Tried this recipe?Let us know how it was!

The Wrap Up

The hardest part of making this salad is the dressing. If you are that intimidated by it, you can buy balsamic vinaigrette at the grocery store instead. The fact is that this a very simple salad that looks beautiful and tastes amazing. Whoever you are making this salad for is going to be blown away because it is exaclty the type of thing you would get in a nice restaurant on Valentine’s Day. The difference is that you made it yourself for a fraction of the price. You can’t beat that. Remember to come back on Wednesday for your Valnetine’s Day main course.

Thank you for reading this post. Please share it on Facebook, Pinterest, or Twitter to help Chef’s Notes grow. Subscribe to Chef’s Notes below, and you will never miss a post again.

[jetpack_subscription_form show_subscribers_total=”false” button_on_newline=”false” custom_font_size=”16″ custom_border_radius=”0″ custom_border_weight=”1″ custom_padding=”15″ custom_spacing=”10″ submit_button_classes=”” email_field_classes=”” show_only_email_and_button=”true”]
About me
Creating The Perfect Holiday Charcuterie Board

Creating The Perfect Holiday Charcuterie Board

Whether you are having a big party (in any other year) or a small intimate evening in, nothing can beat a well presented Charcuterie Board. The key is that it has to be well presented. Otherwise, it’s just some meat and cheese on a plate. Today, I’ll share some tips and tricks with you so that you can make your next Charcuterie Board look just like the pros. Let’s get to it.


Getting Started

First things first, let’s talk about ingredients. There is no point in putting in the effort to make a beautiful charcuterie board using low-end ingredients. Now, to be clear, I’m not saying you need to spend loads of money here. But, we’re not making a supermarket deli tray either. Splurge and get a few nice cheeses and a few nice types of meat. That’s all you really need. Let’s look at some specifics.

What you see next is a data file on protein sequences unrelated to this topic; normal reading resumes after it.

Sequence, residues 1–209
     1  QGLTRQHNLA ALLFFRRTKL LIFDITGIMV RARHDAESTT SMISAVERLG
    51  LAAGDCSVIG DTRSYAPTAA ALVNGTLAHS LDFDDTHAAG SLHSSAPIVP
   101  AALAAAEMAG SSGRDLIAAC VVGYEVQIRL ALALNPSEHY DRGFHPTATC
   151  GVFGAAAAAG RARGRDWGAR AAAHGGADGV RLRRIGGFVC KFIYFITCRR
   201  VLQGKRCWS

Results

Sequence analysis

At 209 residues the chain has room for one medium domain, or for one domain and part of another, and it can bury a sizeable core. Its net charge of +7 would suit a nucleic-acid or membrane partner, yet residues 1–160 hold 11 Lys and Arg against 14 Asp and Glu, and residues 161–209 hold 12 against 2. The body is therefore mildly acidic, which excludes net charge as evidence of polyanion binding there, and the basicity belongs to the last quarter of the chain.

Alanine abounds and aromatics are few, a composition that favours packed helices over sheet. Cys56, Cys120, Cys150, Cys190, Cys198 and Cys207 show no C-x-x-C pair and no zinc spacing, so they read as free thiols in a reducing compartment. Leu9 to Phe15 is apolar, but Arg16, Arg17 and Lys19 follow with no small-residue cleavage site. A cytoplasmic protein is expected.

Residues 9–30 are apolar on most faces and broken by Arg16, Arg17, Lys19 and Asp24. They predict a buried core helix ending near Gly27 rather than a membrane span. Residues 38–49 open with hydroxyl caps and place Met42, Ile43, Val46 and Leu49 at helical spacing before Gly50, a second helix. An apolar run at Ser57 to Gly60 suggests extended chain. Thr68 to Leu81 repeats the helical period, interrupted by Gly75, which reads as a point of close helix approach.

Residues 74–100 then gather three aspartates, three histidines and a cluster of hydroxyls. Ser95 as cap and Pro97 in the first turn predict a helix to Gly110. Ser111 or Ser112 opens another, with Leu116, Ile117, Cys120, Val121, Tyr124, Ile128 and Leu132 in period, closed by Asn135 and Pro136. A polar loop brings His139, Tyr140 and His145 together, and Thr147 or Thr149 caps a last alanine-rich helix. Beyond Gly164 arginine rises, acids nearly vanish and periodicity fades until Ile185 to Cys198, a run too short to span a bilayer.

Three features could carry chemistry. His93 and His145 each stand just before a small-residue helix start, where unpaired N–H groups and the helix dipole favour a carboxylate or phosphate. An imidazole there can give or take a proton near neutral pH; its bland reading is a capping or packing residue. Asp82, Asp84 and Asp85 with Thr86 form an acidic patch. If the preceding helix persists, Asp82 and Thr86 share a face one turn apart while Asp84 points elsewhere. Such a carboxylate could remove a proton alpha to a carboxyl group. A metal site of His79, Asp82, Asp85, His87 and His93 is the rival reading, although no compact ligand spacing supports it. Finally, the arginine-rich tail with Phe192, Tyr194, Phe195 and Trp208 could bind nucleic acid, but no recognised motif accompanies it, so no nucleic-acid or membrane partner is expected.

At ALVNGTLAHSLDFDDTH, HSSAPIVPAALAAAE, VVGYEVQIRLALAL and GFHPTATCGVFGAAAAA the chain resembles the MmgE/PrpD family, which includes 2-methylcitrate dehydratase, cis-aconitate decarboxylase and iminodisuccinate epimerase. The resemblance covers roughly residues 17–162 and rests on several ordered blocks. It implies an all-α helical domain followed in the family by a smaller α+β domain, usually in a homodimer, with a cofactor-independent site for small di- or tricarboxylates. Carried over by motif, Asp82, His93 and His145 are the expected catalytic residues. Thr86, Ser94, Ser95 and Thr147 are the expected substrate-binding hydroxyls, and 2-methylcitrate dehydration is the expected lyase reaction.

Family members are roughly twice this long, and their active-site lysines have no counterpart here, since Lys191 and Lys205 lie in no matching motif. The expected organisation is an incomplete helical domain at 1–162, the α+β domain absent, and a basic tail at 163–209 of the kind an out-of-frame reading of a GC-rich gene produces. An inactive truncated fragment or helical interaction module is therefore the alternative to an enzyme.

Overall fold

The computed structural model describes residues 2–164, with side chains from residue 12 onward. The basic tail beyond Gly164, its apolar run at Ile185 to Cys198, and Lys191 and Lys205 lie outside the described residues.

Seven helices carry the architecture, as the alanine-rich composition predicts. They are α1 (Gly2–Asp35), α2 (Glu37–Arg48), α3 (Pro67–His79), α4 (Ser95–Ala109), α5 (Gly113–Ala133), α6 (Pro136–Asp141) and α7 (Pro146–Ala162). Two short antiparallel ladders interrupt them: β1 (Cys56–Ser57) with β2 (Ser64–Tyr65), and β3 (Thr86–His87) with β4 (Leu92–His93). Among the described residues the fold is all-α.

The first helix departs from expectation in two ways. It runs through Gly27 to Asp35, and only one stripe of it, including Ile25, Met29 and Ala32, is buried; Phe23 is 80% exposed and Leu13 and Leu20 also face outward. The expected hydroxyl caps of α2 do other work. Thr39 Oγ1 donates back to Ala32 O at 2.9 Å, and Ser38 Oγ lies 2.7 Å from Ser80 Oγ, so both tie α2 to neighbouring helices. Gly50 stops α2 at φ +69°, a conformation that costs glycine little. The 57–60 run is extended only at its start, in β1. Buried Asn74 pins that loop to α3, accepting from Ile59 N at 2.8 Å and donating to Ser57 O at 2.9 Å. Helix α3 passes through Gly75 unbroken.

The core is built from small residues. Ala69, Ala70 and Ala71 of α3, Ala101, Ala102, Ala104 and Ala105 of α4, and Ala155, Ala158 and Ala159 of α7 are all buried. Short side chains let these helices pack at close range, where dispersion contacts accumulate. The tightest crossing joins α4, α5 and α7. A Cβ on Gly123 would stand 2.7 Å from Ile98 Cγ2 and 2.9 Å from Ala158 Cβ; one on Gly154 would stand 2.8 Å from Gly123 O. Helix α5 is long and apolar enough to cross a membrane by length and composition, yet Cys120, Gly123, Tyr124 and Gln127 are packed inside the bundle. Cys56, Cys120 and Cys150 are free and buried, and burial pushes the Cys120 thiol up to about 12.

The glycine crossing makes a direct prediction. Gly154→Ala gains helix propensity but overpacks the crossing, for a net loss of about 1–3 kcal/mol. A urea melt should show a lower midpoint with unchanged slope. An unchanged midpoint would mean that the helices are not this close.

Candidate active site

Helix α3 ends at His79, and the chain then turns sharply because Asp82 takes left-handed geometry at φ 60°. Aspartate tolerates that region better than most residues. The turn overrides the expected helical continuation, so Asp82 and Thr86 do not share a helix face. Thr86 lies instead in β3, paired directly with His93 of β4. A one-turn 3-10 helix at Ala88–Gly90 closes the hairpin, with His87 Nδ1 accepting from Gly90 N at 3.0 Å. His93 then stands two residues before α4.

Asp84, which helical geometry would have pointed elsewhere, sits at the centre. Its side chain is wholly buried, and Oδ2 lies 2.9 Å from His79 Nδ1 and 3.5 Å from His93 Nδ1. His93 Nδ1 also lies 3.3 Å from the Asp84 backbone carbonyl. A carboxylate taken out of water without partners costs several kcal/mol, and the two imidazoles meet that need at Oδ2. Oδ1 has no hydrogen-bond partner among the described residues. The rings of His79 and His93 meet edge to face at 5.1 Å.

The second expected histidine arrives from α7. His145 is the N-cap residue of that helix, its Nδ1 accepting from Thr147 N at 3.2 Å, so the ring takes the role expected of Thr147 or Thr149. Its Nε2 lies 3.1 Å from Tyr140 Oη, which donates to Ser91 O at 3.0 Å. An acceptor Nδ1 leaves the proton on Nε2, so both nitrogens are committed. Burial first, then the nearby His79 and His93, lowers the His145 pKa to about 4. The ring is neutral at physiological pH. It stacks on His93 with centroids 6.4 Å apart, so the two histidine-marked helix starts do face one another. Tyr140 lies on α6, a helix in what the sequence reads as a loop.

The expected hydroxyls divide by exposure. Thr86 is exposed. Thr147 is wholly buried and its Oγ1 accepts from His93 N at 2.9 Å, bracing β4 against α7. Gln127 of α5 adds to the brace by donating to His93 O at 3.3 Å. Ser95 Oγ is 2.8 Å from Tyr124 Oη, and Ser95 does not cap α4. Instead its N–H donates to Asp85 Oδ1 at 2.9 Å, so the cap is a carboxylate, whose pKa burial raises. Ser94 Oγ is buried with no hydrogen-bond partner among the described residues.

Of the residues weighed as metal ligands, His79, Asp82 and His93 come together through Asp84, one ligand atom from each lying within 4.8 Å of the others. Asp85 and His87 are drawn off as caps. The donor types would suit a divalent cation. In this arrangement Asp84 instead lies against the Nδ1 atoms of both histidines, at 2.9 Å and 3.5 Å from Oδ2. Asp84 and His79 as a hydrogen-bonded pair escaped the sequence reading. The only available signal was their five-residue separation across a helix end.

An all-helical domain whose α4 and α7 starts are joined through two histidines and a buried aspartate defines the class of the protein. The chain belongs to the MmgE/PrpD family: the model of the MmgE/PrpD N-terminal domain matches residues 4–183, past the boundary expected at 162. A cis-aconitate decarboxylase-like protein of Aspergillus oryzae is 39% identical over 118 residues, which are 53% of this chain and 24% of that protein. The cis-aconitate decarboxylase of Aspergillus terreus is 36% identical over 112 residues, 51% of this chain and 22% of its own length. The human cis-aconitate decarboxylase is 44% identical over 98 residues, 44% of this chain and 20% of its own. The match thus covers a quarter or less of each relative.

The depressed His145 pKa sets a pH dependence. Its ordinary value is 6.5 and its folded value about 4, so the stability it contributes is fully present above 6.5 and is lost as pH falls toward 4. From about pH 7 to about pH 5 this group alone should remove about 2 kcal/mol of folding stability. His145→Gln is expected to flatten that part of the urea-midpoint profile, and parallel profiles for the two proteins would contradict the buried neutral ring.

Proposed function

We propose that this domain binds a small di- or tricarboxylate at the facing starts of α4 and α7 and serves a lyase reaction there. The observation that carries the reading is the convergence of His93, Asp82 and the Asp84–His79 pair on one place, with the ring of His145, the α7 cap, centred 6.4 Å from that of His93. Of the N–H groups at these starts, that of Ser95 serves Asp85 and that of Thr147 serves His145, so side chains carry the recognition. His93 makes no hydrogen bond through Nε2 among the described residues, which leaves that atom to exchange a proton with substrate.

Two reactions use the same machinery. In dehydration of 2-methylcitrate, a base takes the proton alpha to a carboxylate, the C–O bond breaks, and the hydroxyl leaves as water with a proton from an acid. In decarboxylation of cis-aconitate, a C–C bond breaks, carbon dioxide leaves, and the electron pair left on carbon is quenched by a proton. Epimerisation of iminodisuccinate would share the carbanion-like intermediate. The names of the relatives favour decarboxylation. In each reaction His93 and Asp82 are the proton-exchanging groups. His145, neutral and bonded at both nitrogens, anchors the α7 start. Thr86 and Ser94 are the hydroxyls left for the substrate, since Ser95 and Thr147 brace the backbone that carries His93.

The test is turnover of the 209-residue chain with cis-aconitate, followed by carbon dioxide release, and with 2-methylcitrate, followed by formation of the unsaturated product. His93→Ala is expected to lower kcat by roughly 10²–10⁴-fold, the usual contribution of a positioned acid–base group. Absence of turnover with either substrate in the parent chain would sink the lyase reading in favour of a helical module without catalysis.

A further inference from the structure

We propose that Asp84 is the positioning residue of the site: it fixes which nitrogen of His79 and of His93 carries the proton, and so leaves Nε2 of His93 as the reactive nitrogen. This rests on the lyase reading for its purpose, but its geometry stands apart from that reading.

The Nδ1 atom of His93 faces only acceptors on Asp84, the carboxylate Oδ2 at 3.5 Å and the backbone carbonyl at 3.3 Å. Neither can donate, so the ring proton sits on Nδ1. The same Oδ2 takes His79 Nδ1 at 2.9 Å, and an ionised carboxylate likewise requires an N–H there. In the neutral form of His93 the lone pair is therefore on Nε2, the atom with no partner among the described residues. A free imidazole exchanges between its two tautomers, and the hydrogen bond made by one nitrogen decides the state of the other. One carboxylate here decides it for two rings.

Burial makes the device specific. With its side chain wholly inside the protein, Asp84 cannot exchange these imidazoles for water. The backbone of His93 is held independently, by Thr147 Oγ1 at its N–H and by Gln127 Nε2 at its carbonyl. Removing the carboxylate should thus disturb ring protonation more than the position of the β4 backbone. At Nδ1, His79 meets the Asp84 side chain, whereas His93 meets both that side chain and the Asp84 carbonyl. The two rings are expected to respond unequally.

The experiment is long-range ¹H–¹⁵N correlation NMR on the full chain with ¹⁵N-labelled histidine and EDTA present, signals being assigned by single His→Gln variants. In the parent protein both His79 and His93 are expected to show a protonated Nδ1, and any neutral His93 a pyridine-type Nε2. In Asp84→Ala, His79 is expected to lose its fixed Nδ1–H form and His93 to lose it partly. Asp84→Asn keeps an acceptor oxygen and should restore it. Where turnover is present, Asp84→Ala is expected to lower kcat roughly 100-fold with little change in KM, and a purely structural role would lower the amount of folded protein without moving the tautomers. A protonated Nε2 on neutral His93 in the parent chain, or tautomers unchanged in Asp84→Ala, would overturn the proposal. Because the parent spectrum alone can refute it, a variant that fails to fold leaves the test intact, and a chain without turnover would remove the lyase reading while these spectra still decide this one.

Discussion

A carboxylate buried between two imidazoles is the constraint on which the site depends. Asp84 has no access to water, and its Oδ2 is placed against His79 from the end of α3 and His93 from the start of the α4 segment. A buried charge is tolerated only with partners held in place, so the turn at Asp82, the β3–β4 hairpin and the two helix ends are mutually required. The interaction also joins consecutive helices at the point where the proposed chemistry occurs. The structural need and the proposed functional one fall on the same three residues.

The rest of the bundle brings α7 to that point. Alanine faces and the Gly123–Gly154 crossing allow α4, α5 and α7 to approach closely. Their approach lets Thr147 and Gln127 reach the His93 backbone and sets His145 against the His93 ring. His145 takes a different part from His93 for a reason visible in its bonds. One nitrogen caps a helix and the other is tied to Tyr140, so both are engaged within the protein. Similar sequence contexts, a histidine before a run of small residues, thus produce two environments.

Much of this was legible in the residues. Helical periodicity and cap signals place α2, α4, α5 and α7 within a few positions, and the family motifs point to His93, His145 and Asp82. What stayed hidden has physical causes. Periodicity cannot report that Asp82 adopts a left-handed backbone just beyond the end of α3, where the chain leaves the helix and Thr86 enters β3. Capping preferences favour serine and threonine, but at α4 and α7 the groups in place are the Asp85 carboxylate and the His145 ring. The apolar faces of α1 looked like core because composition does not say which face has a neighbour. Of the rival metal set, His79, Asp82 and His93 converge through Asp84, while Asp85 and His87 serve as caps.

Choosing The Right Cheese

There are three things that I think about when I choose the cheese for any charcuterie board. First and foremost, it has to taste good. If it doesn’t, why would you use it? Next, I think about shape and texture. If all of the cheese on the board is the same shape and texture, it will look boring, and it will be boring to eat. Yes, you can control the shape to some degree with how you cut and present the cheese, but there is only so much you can do. Finally, I think about variety and the style, and the taste of the cheese. Usually, I try to have one soft cheese like brie or camembert. I like blue cheese, so I pretty much always include one such as gorgonzola or stilton. And, I usually use a semi-firm to firm cheese. This can be anything from a really nice aged cheddar to asiago, to manchego, or Beemster.

If you want to really get into it, you can use cheese that comes from the same places as your meats. So, if you are using Italian meats, or Spanish meats, you would use Italian cheese, or Spanish cheese. I don’t generally worry about this too much unless the board itself is themed to a specific place. Using French cheese with Italian meat isn’t going to ruin your board or your experience.

One other tip when it come to the cheese is to avoid novelty cheese like beer-veined ones, or holiday shaped ones. For the most part, they aren’t going to taste good. They aren’t going to pair well with the other things on your board. And they are going to make your charcuterie board look kind of hokey.


Charcuterie Meats